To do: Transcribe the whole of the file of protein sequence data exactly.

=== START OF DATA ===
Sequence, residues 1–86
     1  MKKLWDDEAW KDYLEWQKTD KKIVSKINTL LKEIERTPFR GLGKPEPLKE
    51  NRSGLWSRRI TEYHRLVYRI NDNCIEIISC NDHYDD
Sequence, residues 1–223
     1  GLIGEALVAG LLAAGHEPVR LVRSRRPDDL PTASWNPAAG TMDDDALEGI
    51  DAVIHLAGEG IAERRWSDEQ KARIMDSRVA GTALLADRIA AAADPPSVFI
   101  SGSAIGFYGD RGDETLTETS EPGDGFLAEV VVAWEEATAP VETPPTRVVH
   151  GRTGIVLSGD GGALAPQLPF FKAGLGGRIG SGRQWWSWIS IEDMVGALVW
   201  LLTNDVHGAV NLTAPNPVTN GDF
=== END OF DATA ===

Sequence, residues 1–86
     1  MKKLWDDEAW KDYLEWQKTD KKIVSKINTL LKEIERTPFR GLGKPEPLKE
    51  NRSGLWSRRI TEYHRLVYRI NDNCIEIISC NDHYDD
Sequence, residues 1–223
     1  GLIGEALVAG LLAAGHEPVR LVRSRRPDDL PTASWNPAAG TMDDDALEGI
    51  DAVIHLAGEG IAERRWSDEQ KARIMDSRVA GTALLADRIA AAADPPSVFI
   101  SGSAIGFYGD RGDETLTETS EPGDGFLAEV VVAWEEATAP VETPPTRVVH
   151  GRTGIVLSGD GGALAPQLPF FKAGLGGRIG SGRQWWSWIS IEDMVGALVW
   201  LLTNDVHGAV NLTAPNPVTN GDF